I have had the Nosy Crow Three Little Pigs and Cinderella apps on my iPad since they first came out and they were two of the first apps to appear on Ipads in Primary because of their high quality and, more importantly, my children's response to them. I added Snow White to my collection today - the newest of the Nosy Crow apps. which you can also see on the Nosy Crow website (there are some film clips and links that I haven't included here).
I also realised that there is a Little Red Riding Hood and Jack and The Beanstalk app too, which I must have missed at some point during my career change. I have limited time for app reviews and the computing curriculum seems to keep me busy! I shall review these at some point though as these apps are so important for developing children's love of stories - and I am intrigued by the fact that these two are not linear narratives and children can create their own stories by following different paths.
Snow White is similar to the other apps in that there are lots of ways that you interact with the story, such as moving the characters, making them speak and making things happen (like tidying things up). In old ICT money you would be modelling effects on screen, in the new computing curriculum you are using technology purposefully to organise and manipulate digital content.
So, the app. It is as delightful as I expected it to be! The story sticks to the traditional tale, but has been brought into the 21st century with some lovely features. For example, it made me say 'ooh' when I appeared in the mirror and then again in the pond, because it wasn't expected. I would love to see the reaction from a child (though I'm not sure their awe and wonder will differ that greatly from mine!) I will find out!
As with the other apps blue dot appears to point the way if you are not sure what to do next and it also helps to keep the dialogue in some kind of order (although that is not always essential to the story and the way the app works).
Other nice touches are counting to 10 whilst picking flowers
matching socks and lots of other interactivity whilst cleaning the dwarfs' cottage.
There is a handy storyboard to retell the story in your own words - or to use in class, which is what I shall probably do with it. I have been playing for around 30 minutes and am just over half way through (that is a guesstimate, I wasn't timing).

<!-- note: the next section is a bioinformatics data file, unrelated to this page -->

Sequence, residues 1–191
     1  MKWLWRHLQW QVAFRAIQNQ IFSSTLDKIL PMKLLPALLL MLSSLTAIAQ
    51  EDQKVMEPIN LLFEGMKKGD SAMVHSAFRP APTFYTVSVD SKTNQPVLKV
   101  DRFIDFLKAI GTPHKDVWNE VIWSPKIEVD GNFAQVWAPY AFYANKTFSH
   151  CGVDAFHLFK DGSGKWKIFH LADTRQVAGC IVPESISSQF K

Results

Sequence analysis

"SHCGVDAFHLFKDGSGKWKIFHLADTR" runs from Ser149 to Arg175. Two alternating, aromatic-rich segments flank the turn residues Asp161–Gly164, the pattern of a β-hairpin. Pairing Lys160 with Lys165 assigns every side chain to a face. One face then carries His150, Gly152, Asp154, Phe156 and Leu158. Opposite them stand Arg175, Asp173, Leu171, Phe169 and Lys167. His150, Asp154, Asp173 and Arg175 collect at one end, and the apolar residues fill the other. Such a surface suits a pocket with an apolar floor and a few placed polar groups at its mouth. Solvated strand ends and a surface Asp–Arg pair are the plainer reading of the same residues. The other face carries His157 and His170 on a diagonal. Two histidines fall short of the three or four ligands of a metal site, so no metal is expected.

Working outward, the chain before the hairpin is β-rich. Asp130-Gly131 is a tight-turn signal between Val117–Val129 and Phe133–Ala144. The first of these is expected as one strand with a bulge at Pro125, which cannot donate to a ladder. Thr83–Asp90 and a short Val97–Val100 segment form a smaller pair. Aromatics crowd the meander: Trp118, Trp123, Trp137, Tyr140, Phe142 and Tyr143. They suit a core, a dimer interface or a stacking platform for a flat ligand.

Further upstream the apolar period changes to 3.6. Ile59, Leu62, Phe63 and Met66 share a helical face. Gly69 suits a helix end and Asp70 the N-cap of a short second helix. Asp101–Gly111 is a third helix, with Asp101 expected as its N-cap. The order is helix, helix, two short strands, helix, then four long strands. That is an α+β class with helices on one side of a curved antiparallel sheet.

Snow White has all the features that you come to expect from Nosy Crow and I think the use of children's voices and sound effects add to the storytelling. You can read yourself or have the story read to you, with the words turning red as they are spoken.
As with Cinderella, the way that the characters are portrayed adds to the story. Can you tell I love it?!
|Bossy Ugly Sisters|
|A lovely Fairy Godmother|
There really are some magical elements to the stories and the illustrations are just gorgeous.
You really do feel like you are part of the story when you do things like swoosh the knitting needles to create the carriage and Cinderella's dress.
|Magic knitting needles|
There are elements of humour throughout and lots of things to share if you are looking at these with young children. I have shared them with my class and friends' children and they have absolutely loved exploring the pages.
As children become familiar they will no doubt be happy to explore the stories in their own.
I know some of you might be sceptical about digital books for children. As a reader, I jump from reading on my kindle, to iPad, to paperback and hardback books. I've yet to pursue the audio route, though have often regretted not having something to listen to when I'm driving distances. Nosy Crow have provided traditional stories, beautifully done, that will entertain children for a long while and I think these are a valuable addition to a child's storybook collection. I'd love to know what your child thinks about these apps if you have them.